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Old 10-31-2009, 09:35 AM   #61
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As far as I've ever been able to find, exercise - and I'm talking significant aerobic and resistance exercise - has the capability to raise a person's HDL a maximum of 10%. If you have a high HDL level already, 50 or more, that would be up to 5 or so points. However, if you are genetically low HDL-wise (like me - <25), you get a whopping 1 to 3 point increase. I doubt that will save my life. I personally want to exercise so I have some strength and endurance in my declining years , not because I think it's going to do much for me weight or longevity-wise. I tend to agree with Tesaje, I haven't seen much science supporting exercise helping with weight loss. I do agree it improves insulin sensitivity, which is a good thing.

By the way, I've been taking high dose Niacin (with my doctor's agreement). At my last lab test my HDL was 39. I've never been over 25 in my life. To me that was a significant increase - 55%.
I take a niacin/statin combo, that has helped my numbers dramatically. But talk about hot flashes from hell...

I've been a fairly regular exerciser for years, but have been trying to reduce the carbs - whole grains, mostly, which appear to be just as bad. FWIW, I weigh 164lbs, and the only weight problem I have is when I binge on DQ hot-fudge shakes...
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Old 10-31-2009, 10:12 AM   #62
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Ketosis (i.e. ketones in the urine) happens with low carb intake. It can be achieved with lower protein and replacing the nutrients with fat. Most low carb diets are not high protein but are high fat. Ketones are an alternative cellular fuel to glucose.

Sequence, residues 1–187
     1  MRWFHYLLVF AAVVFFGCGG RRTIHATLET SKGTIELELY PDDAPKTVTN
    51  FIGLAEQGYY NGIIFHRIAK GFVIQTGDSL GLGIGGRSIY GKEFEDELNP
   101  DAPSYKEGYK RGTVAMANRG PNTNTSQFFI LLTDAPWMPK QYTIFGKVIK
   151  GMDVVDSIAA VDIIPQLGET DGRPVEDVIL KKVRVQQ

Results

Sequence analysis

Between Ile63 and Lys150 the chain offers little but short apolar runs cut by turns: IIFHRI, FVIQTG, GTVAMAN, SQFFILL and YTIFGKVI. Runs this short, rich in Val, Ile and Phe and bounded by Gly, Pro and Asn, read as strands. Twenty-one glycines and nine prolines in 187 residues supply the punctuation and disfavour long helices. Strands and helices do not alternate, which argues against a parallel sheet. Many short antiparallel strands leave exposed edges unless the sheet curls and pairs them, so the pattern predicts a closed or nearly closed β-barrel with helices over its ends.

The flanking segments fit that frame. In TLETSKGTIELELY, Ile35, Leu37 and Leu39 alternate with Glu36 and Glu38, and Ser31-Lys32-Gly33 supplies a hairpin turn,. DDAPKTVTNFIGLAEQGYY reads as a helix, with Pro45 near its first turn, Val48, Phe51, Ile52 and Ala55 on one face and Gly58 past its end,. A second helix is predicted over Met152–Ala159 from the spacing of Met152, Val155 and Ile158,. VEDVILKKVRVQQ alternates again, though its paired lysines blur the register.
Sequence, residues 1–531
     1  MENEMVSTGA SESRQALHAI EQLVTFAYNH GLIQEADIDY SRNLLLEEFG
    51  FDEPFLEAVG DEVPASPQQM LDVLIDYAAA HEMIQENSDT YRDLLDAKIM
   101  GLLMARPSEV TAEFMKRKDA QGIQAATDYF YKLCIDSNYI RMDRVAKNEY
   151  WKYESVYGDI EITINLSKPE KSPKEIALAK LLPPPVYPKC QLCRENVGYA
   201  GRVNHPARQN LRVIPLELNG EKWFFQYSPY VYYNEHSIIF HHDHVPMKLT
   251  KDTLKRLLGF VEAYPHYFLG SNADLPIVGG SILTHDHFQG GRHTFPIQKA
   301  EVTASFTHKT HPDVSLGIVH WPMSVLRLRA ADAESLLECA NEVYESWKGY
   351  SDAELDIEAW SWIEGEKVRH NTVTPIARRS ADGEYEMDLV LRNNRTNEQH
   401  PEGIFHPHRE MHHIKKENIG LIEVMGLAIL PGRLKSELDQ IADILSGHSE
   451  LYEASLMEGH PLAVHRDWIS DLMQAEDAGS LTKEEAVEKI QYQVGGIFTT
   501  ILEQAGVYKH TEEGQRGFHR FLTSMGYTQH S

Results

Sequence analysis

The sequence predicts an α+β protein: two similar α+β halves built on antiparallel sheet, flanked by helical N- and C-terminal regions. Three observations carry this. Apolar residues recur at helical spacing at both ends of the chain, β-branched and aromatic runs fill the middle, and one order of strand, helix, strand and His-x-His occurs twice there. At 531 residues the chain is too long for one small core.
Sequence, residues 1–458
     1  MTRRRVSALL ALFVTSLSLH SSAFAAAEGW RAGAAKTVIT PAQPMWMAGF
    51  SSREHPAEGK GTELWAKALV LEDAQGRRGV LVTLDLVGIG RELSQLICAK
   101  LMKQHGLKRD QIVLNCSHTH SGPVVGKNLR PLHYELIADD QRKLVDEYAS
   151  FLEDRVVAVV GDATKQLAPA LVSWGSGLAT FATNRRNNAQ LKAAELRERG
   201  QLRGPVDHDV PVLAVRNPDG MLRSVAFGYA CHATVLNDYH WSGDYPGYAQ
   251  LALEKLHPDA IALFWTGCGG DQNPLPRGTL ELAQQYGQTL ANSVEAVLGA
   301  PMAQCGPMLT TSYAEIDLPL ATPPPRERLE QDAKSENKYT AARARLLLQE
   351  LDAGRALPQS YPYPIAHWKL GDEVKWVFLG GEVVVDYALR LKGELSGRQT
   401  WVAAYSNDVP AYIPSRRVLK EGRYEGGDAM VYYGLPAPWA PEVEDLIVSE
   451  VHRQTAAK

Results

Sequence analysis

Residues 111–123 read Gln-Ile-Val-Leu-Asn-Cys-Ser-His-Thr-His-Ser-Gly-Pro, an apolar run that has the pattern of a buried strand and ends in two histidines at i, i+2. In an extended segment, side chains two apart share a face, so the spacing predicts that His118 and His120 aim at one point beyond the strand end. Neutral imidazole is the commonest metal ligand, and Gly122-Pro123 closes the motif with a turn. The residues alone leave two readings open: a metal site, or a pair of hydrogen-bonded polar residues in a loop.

Well that's true - I should have said I don't have any desire to go so low carb as to induce ketosis. You can go fairly low carb and get a lot of your carbs from non-starch, low-glycemic sources without inducing ketosis.

On exercise and HDL - that's tough for folks who genetically have low HDL and exercise doesn't help much. I've noticed that when I am fit due to regular exercise my HDL is quite a bit higher. For me it's a difference between an HDL of around 39-40, and an HDL of 60!

I get a niacin flush just from a normal multi-vitamin. You had better believe that I immediately switched to a lower niacin multi-vitamin!

Yes, I mainly exercise as an anti-aging strategy, but I definitely see weight gain when I don't keep it up over a long period!

Audrey
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Old 10-31-2009, 05:05 PM   #63
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Also, since we live in Shanghai right now, just an observation. The Chinese typically have had a high carbohydrate (mostly rice based), low protein/fat, and low calorie diet for many years - and there were few fat people here. They also tended to get alot of excercise. From what I have heard, in the last few years the average weight has gone up. I haven't seen any studies that claim to pinpoint a cause, but everything is changing now - including higher protein intake, higher fat intake, less exercise, more fast food, etc.